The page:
Spanish Football Federation (RFEF) president Luis Rubiales has poured cold water on a plan to play regular-season La Liga games in the United States.
The federation boss says despite the support of the Spanish league, the move lacks support from the various organisations that need to approve the plans.
The RFEF informed the league's organising body that it cannot approve plans to hold Barcelona's showdown with Girona on Jan. 26 at Miami's 65,000-capacity Hard Rock Stadium until it receives more information.
According to the statutes of world governing body FIFA, the national federation, regional organisations UEFA and CONCACAF as well as the United States soccer federation must give the green light before the game can take place.
The Miami match would be the first to take place as part of a 15-year deal struck between La Liga and entertainment company Relevent to play one Spanish regular season game in the U.S. every year.
"There's not a single institution that needs to give it the OK that has said yes," Rubiales told Spanish newspaper Diario Sport.
"FIFA and [president Gianni] Infantino have said [that they reject the move]. UEFA haven't said yes either, nor have CONCACAF nor the United States federation.
"It's worrying to sign something without counting on the support of those who have to say yes."
FIFA president Infantino said in September he was against the idea of playing a regular season game abroad, stating "in football the general principle is that you play a 'home' match at 'home,' and not in a foreign country."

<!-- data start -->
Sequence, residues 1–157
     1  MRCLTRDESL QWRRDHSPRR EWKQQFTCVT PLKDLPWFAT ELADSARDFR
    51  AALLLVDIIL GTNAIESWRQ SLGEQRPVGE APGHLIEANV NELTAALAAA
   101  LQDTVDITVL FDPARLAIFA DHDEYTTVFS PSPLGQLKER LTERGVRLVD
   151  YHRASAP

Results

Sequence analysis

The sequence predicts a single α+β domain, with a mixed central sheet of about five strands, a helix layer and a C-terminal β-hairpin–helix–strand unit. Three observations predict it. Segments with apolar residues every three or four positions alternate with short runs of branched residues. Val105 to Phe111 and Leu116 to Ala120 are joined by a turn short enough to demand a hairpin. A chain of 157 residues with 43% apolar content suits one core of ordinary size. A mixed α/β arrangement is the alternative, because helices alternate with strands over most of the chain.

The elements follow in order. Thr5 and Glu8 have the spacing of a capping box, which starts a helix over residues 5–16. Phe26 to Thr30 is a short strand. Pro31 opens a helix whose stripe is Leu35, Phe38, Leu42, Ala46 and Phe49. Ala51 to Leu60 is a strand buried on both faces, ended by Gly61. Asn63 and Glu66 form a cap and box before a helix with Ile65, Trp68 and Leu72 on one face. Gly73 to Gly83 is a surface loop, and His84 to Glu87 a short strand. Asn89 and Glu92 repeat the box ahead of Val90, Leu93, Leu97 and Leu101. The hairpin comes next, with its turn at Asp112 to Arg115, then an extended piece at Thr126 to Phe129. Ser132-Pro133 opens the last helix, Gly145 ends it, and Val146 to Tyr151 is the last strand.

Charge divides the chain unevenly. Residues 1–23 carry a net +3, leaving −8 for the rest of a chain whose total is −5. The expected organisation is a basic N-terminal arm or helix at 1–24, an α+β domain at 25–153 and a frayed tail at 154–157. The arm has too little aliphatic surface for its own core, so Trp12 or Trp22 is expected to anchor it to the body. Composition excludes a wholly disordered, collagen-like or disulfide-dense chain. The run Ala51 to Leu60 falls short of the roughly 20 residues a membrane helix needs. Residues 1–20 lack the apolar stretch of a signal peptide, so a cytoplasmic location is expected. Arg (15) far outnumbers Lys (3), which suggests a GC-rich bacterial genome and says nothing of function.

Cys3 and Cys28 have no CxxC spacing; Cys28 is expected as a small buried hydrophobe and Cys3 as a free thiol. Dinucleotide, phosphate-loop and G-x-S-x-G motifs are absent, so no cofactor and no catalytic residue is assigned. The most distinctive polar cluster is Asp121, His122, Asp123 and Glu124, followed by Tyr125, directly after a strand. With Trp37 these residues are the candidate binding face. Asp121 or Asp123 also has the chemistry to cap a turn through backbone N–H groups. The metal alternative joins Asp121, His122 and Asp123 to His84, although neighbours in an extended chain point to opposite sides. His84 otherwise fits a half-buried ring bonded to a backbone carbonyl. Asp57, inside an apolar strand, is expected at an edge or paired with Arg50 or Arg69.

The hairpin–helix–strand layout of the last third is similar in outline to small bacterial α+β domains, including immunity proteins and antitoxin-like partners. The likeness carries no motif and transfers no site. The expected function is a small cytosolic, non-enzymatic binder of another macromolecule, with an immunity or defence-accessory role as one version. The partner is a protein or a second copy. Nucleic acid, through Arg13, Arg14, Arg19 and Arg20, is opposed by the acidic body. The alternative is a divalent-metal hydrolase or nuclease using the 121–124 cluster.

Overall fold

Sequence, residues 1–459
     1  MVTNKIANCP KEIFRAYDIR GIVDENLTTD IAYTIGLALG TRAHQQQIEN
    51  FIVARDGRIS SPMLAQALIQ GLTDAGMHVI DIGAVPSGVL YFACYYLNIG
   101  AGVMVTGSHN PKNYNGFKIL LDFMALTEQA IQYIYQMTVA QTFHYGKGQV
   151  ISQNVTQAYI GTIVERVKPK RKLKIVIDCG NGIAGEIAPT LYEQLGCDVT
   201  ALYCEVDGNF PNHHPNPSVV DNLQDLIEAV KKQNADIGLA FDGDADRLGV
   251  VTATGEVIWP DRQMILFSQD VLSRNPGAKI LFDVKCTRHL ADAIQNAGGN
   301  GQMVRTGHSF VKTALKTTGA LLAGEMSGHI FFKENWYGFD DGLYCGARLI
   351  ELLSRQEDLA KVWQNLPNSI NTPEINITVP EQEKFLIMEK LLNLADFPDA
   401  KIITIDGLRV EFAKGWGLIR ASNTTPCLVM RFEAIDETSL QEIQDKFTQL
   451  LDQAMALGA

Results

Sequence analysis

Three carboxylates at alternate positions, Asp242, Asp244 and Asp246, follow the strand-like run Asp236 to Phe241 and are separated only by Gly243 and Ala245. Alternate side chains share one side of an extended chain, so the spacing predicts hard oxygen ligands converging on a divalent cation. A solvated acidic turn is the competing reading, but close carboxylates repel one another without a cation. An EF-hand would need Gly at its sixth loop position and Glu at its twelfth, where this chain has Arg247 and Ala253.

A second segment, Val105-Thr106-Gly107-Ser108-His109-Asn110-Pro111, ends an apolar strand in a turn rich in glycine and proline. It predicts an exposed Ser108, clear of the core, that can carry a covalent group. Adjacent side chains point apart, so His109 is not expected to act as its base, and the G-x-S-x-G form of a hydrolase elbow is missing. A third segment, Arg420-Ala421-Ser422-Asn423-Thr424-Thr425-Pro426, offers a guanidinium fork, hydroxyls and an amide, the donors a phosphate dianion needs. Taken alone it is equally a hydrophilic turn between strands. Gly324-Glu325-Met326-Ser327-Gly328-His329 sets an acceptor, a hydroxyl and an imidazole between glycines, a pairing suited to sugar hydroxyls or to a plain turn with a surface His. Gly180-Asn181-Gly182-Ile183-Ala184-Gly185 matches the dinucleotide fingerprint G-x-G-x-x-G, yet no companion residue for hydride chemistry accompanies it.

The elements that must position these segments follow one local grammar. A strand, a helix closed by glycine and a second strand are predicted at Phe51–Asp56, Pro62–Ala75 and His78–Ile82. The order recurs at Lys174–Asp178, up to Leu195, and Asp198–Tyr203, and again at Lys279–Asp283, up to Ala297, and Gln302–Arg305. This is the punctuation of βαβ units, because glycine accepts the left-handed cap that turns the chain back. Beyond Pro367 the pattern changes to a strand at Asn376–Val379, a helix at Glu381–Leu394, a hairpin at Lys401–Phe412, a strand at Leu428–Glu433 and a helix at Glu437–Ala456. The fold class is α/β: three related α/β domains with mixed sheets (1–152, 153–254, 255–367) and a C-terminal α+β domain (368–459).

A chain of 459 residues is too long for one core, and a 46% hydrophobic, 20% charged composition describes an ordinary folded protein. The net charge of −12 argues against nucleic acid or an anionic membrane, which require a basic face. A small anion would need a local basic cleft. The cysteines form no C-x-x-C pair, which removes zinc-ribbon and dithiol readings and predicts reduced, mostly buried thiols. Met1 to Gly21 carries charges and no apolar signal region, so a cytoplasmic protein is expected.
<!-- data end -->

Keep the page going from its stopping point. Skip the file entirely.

A spokeswoman for CONCACAF told Reuters it had not received a formal request to approve the move. CONCACAF president Victor Montagliani previously said he has the same opinion as Infantino on the matter.
A spokesman for the U.S. federation declined to comment.
"This measures damages the league's integrity. When I played for Levante we avoided relegation thanks to earning a draw at home to Barcelona. Playing at home was fundamental to that," Rubiales added.
La Liga, which intends on taking the case to court if the federation does not approve its plans, want to follow the examples set by American sports, such as the NFL and NBA, to promote its brand abroad.
"We want to continue to grow our league and football around the world. We firmly believe that's good for all parties involved, fans, players, clubs, league as well as for the Spanish economy and to promote Spain abroad," a La Liga spokesman told Reuters.
On Tuesday, La Liga president Javier Tebas said he did not understand why his plans had been met with so much opposition.
"I'm still asking myself this, why so much resistance to a business strategy?" Tebas said. "I think a lot of it is cultural. Cultural in that the bureaucracy that football has built is very different than the American sports leagues."